Saturday 4 August 2012

The idea of security

The thing which continues to amaze me in Incheon is the amount of security measures taken by homeowners. Especially in more recently developed areas 'cctv' signs are all over the place. People also state 'safety' as an argument to move into newly developed, high rise and gated apartments. Personally, I feel very, very safe here on the streets, no matter what street, no matter which hour, no matter if I have an expensive camera clearly visible around my neck, no matter if there is cctv or not. Upon inquiry people tell me that there's actually a lot of crime in South Korea, and that especially kidnappings happen vey often. After some quick Google searches nothing much turns up about a higher-than-average kidnapping rate in South Korea. Most of the articles on kidnapping returned by Google are about incidents where North Korea had kidnapped South Koreans. The one crime which seemingly does stand out in South Korea is sexual harassment against teens. The problem is probably bigger than the numbers show since most women who fall victim to sexual harassment do not report this to the police, being afraid not to be taken seriously.

Walking around Incheon mostly at night, I'm very unsure what to make of all the cameras, security company signs and other safety-related things in public space. I'm aware of the fact that I'm both a tourist which makes me blind for certain 'under-the-skin' social tentions, and a man which makes it almost impossible for me to judge anything related to sexual harassment. Nevertheless Incheon feels nothing like Rio de Janeiro for instance, where the threat of violence is tangible as soon as you take a wrong turn. Although I do not want to scrutinize the feelings regarding safety and security of the South Korean people, I'm find myself wonder if it could be that 'safety' is mostly a marketing concept for developers and city planners?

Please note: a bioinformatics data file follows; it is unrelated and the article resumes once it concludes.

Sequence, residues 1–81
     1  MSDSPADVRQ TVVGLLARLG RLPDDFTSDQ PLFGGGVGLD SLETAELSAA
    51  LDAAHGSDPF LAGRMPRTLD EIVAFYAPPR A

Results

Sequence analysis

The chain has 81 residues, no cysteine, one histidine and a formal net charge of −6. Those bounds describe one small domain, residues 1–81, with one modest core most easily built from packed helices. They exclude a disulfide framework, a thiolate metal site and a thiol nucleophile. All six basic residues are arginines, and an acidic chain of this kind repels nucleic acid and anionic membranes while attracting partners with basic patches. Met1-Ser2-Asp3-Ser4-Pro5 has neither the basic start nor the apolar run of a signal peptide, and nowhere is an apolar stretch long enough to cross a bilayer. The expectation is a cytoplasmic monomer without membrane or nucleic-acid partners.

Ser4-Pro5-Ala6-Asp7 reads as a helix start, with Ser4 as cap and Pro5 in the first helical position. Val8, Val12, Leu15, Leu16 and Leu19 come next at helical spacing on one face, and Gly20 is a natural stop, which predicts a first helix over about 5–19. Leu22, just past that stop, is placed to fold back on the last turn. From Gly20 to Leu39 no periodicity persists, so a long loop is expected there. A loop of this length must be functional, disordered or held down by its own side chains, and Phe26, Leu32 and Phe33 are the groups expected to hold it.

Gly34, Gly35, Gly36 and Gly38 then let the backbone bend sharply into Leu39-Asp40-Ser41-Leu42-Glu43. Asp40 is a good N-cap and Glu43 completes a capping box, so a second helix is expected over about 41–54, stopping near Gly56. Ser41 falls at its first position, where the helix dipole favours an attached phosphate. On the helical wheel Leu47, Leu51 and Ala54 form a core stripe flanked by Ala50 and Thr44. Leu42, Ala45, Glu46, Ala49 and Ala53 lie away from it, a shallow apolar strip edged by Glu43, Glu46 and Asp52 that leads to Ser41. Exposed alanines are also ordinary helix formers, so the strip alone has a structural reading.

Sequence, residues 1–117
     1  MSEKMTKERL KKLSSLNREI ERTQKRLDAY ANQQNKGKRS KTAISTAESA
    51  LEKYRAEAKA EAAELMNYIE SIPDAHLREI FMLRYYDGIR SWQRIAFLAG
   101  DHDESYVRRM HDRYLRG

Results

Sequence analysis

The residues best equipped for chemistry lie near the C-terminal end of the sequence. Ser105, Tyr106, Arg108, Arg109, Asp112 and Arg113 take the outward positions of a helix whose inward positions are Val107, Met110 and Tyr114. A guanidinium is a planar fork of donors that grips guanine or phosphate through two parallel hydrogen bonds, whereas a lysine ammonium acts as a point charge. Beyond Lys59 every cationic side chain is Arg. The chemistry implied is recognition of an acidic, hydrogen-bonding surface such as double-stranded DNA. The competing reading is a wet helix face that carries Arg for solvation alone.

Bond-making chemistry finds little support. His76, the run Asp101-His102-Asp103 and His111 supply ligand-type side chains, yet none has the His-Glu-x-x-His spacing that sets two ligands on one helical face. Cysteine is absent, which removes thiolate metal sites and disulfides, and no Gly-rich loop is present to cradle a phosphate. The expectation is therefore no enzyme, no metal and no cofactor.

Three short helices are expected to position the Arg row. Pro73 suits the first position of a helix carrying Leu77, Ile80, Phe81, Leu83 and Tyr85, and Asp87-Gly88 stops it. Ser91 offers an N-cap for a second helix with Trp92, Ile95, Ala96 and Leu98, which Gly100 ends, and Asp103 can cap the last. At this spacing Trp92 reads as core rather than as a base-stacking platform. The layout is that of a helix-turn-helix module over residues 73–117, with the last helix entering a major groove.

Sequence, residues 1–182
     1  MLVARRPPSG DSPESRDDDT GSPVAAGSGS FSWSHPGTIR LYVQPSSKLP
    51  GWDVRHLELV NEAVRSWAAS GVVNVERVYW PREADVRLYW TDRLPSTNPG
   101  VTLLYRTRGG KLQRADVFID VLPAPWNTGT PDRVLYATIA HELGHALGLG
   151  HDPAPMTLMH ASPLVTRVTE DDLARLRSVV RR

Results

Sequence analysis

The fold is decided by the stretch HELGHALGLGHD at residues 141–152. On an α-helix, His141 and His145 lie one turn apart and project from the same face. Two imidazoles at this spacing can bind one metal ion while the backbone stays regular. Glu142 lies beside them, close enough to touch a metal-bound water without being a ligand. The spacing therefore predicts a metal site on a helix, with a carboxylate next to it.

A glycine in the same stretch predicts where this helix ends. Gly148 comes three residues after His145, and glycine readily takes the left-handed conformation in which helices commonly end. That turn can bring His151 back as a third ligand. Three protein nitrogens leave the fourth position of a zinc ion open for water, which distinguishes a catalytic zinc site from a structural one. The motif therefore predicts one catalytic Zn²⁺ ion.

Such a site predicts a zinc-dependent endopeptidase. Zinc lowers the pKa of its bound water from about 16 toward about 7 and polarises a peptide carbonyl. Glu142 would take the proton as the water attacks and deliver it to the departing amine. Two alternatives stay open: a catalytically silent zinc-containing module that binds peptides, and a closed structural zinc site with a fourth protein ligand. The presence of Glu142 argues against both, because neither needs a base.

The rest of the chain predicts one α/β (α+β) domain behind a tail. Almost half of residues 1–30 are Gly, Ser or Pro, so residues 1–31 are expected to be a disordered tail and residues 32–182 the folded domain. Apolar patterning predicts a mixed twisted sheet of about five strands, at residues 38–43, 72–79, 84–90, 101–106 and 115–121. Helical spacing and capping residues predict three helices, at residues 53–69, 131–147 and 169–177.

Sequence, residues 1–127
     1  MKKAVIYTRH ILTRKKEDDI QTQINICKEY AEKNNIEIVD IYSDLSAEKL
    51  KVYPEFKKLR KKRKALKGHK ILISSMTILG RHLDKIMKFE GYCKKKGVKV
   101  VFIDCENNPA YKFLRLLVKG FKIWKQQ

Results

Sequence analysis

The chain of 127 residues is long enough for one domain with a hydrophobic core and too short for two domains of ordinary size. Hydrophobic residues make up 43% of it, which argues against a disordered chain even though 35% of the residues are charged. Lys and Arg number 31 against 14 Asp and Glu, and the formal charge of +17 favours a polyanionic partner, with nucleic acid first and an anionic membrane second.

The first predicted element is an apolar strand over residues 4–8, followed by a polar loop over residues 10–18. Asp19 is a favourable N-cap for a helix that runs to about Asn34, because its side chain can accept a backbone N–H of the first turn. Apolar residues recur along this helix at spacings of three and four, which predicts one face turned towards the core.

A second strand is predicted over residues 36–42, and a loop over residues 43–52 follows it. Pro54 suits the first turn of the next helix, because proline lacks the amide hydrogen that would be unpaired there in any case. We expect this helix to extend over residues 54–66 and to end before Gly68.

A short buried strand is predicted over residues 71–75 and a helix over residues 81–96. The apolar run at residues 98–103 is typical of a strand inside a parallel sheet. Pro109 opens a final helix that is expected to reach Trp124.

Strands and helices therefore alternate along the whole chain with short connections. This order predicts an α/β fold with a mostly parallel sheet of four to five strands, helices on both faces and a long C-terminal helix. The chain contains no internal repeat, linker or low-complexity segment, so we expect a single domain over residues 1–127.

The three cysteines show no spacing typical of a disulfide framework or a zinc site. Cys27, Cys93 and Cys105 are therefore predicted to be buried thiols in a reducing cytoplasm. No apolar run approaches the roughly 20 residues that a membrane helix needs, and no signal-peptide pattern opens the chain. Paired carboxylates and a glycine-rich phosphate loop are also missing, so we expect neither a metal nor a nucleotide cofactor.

The photo at the top of this post was taken at the foot of Incheon Subong park. The houses with the blue and red roofs are traditional style Korean houses, in this case probably inhabited by well-off people. In the back you see a new district with high rise apartment blocks, inhabited by the (higher) middle class. Both areas are guarded by cctv and sometimes even by gates and guards. In between you see a poorer part of the city with cheap mid rise apartments, unguarded and most likely without cctv. Both the new high rise and the traditional low rise are some kind of capsules where life is monitored, while the cheap mid rise is an unmonitored, mysterious area which holds some kind of promise of possibilities. In the photograph the mid rise section is the only place where the future is open and uncertain. Security - even if it's just a commercial concept - comes at the price of predictability and boredom.

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